NOVATO — Breast cancer rates in Marin County have jumped 20 percent in one year, increasing the already-high rates for the county, according to a recent study.
The increase was mostly among women between 45 and 64 years old. Marin County’s breast cancer rates in that age group have been 58 percent higher than other parts of the San Francisco Bay Area and 72 percent higher than other urban areas of California.
The reasons for the high rates are unclear. They could be due to better health screening, demographic factors or statistical flaws.
The Northern California Cancer Center compiled statistics on cancer rates using census data and county health records.
Tina Clarke, an epidemiologist for the center, said the higher rates could be due to a large number of women in the county who have characteristics associated with breast cancer, such as being white, having fewer children, having children later in life, and higher education or household income.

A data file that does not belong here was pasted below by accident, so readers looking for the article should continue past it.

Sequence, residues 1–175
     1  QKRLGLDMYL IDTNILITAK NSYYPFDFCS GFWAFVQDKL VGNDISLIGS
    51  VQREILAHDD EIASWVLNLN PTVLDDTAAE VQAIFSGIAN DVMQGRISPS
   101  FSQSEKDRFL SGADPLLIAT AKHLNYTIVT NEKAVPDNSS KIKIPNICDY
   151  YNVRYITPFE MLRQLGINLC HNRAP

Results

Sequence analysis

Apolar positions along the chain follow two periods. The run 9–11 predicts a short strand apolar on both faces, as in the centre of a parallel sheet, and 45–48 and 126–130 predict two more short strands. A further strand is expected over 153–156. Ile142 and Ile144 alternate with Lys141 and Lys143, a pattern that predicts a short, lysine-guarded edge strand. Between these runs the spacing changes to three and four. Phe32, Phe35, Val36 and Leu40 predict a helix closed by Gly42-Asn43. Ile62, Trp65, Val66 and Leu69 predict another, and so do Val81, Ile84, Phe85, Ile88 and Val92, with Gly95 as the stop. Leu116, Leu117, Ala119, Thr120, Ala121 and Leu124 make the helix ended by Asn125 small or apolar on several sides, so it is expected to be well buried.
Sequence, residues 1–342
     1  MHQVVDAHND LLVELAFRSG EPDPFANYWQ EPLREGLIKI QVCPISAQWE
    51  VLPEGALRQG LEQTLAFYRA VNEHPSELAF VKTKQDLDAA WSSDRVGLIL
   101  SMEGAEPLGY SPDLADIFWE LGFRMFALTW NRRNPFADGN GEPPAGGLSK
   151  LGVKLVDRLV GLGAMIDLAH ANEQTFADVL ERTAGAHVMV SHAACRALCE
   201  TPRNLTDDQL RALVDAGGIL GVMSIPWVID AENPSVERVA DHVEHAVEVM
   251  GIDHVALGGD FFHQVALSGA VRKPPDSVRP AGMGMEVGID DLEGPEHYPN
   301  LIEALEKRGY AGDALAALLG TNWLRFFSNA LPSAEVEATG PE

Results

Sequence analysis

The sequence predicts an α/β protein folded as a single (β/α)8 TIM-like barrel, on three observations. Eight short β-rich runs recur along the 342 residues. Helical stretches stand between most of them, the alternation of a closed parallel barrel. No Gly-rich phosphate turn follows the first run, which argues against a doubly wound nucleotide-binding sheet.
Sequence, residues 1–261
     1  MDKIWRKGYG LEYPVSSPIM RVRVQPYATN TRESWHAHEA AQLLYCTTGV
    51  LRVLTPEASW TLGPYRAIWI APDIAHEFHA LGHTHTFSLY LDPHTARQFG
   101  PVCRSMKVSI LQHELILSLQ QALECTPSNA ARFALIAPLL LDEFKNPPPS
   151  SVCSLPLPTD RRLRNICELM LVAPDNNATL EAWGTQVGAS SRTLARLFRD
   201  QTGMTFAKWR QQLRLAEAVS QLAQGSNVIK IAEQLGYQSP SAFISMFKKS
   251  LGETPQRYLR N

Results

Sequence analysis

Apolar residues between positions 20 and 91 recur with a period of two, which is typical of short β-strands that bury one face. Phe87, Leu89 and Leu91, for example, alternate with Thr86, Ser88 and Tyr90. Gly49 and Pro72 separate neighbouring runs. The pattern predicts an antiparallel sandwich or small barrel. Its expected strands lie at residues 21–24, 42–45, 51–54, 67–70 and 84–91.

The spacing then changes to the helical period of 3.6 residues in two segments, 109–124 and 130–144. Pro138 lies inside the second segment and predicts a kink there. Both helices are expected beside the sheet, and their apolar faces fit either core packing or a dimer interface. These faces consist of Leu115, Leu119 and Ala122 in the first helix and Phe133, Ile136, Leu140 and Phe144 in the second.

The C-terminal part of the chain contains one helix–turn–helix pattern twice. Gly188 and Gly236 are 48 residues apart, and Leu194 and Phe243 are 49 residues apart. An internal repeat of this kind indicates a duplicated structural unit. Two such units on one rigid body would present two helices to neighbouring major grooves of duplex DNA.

Also, there could be a wider use of mammograms in Marin, which could mean that more cancer is being caught earlier.
But more people are dying from breast cancer in Marin. The death rates there are 25 percent higher than around the Bay Area and other urban areas of the state.
Breast cancer rates in the county increased 60 percent between 1991 and 1999.
In the spring, Marin Breast Cancer Watch is expected to release its study of adolescent risk factors in developing breast cancer, and it’s also working with the Lawrence Berkeley National Laboratory on a study by the county and the Centers for Disease Control to examine the possible relationship between breast cancer risk and exposure to environmental risk factors.